Imagine if one day, out of the blue, your dad, or your uncle, or partner came out as transgender. How would you and your family react? What would you tell your children?
Brooklyn filmmaker Sharon Shattuck is the daughter of a transgender parent. She shares her family’s heartfelt story in her new film “From This Day Forward.” This is the first feature-length documentary she has directed, and it’s a moving portrayal of an American family coping with the most intimate of transformations.
The film premiered at the prestigious Doc NYC Film Festival on Nov. 14th at the Bowtie Cinemas in Chelsea to a packed house.
With her wedding just around the corner, Shattuck returns home to examine the mystery at the heart of her upbringing: How her parents stayed together against all odds. In this revealing portrait of an unorthodox family, the filmmaker seeks to understand the inner workings of their special relationship.
When she was in middle school, Shattuck’s father, an artist, came out as transgender (taking the name Trisha), yet, remained married to the filmmaker’s straight-identified mother Marcia. With sensitivity and affection, “From This Day Forward” explores Trisha’s transformation, its repercussions on her family, and the complexity and resilience of love and marriage.
Shattuck sat down to talk with New York Parenting about her revealing documentary.
Tammy Scileppi: What was it like growing up?
Sharon Shattuck: It was really tough. My dad started to transition to a woman (her name now is Trisha) when I was really young — like, 8 years old. My sister Laura was 5. We kind of forced the issue, because we found some photos of dad dressed as a woman, and we brought them to my mom and asked her about them. My parents felt that they should tell us, rather than keeping some dark family secret, so Dad said, “I have something to tell you kids.” Then Dad left the room and came back dressed as a woman, and said, “This is who I am.”
I should note here that my mom already knew about dad — not necessarily that Dad would want to someday BE a woman, but that Dad had a preference for women’s clothing. And she was okay with it.
TS: How did you both react to this news?
SS: At first, when we saw dad dressed up in the living room, my sister and I were pretty okay with dad’s preference — before we realized that our friends and friend’s parents thought it was weird. That’s when we started to feel ashamed of Trisha. To make matters worse, before I started fifth grade, we moved from the suburbs of Chicago up to a very small town in Northern Michigan, where everyone knew everyone, and Trisha (and our family) stuck out like a sore thumb.
TS: What was the community’s reaction like?
SS: When I was younger, there was NO media out there in the world about transgender families. I felt very isolated, and I think because people in our community didn’t understand what was going on with our dad, it made it easier for them to discriminate against our family. My sister and I were lucky in that we made a lot of friends despite our “weird dad,” so we didn’t experience much social discrimination from our peers, but we did witness lots of discrimination from the local community, from older people.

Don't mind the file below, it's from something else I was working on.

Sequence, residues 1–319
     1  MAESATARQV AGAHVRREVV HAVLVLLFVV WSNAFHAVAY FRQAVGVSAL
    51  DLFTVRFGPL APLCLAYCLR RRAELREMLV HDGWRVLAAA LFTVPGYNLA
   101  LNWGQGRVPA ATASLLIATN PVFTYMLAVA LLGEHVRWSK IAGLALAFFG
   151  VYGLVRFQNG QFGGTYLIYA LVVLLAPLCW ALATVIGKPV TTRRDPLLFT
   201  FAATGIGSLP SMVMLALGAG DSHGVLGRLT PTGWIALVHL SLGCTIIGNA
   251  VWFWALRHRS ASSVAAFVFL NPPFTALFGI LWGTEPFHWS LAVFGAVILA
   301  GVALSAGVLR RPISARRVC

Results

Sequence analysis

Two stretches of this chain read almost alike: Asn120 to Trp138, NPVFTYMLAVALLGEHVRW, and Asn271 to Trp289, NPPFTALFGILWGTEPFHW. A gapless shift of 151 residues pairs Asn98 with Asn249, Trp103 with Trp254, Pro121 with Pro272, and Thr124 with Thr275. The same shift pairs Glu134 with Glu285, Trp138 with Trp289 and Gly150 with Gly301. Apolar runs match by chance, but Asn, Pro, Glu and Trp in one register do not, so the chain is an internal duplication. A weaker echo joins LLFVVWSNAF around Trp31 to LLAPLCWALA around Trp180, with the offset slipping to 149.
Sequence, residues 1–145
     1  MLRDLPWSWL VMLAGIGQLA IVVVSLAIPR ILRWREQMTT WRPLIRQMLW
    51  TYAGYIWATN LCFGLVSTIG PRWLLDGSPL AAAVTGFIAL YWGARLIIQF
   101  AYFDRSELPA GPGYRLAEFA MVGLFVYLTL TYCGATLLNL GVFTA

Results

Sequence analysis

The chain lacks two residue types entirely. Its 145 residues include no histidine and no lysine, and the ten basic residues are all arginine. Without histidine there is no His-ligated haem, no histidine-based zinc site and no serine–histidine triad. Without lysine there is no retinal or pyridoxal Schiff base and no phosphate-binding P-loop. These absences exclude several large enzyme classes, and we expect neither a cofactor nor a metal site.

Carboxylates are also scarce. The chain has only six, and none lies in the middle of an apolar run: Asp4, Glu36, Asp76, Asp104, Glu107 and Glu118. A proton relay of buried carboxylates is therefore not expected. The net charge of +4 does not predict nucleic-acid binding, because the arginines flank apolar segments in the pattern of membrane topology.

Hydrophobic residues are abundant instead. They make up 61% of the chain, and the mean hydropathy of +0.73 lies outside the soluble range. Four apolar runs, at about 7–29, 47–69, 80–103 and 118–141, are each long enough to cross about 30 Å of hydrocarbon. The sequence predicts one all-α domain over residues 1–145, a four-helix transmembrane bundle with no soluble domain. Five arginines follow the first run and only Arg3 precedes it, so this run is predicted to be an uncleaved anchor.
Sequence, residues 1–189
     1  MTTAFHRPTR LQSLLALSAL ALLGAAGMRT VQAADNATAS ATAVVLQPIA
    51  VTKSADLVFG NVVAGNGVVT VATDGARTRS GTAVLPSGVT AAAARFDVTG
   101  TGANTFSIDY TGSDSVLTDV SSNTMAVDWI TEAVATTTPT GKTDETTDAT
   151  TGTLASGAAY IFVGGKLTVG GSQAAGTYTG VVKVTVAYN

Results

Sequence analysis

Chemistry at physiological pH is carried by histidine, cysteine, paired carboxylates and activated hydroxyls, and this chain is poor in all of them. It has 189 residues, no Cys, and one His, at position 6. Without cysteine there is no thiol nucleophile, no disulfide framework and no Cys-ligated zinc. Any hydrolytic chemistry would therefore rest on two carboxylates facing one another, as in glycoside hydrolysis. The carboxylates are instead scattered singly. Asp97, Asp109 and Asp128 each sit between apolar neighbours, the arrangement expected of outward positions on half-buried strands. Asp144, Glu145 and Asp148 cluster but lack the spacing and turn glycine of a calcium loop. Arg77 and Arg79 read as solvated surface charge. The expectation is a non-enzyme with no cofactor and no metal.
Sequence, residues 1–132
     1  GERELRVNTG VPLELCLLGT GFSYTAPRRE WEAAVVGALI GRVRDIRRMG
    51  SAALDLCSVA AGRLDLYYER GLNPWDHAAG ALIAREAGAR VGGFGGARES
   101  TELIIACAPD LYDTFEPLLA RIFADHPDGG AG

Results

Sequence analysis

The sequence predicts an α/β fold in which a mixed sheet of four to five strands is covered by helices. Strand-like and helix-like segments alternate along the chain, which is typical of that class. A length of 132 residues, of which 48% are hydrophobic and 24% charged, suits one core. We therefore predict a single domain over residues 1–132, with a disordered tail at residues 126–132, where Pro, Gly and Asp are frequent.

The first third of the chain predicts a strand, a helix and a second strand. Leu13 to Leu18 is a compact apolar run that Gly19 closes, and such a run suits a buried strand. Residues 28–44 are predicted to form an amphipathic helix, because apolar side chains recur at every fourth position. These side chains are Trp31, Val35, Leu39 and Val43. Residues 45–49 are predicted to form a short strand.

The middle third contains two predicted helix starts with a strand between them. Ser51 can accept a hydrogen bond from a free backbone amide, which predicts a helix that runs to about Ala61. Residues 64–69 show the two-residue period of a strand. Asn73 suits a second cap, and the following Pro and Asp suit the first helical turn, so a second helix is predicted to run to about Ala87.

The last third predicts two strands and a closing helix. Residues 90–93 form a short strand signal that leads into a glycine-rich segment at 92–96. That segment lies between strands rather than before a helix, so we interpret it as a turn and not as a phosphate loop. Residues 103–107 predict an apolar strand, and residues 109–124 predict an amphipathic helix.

I say in the film that at one point, my sister’s high school math teacher pulled her aside after class and said, “I don’t approve of what your dad is doing.” She was just trying to get extra help with her math homework, and felt completely blindsided by that. Mom and Dad went to the principal of the school, and because he was friends with the teacher, no action was ever taken. Today, my dad still experiences a lot of subtle discrimination and barely veiled contempt from neighbors and townspeople.
TS: Your film’s message?
SS: So, my biggest goal with this film is to show people that lesbian, gay, bisexual, transgender, and queer people and their families aren’t different from anyone else. We deserve respect and acceptance. Other families shouldn’t have to experience what my family did in the ’80s and ’90s, and what Trisha still experiences in her small town to this day. I’m hoping that little by little, hearts and minds will change, and hopefully my film will play a small role in that shift.
TS: How is your family doing now?
SS: My parents still live together (married and very much in love) in the same town in Northern Michigan.
Just one more note on that, since my film is all about my parents and their incredible, enduring relationship: My mom and dad have had such a profound effect on the way I think about my relationship with my husband. I still can’t imagine the amount of change their relationship has endured, but I know that over time, all relationships change and morph, and I’m sure mine will experience its own challenges.
Whenever I get snippy with my husband, I try to remember Trisha’s words, “if you know how to smile your way through arguments and come back, then you’ll go far.”
Tammy Scileppi is a Queens-based freelance writer/journalist and parent and a regular contributor to New York Parenting.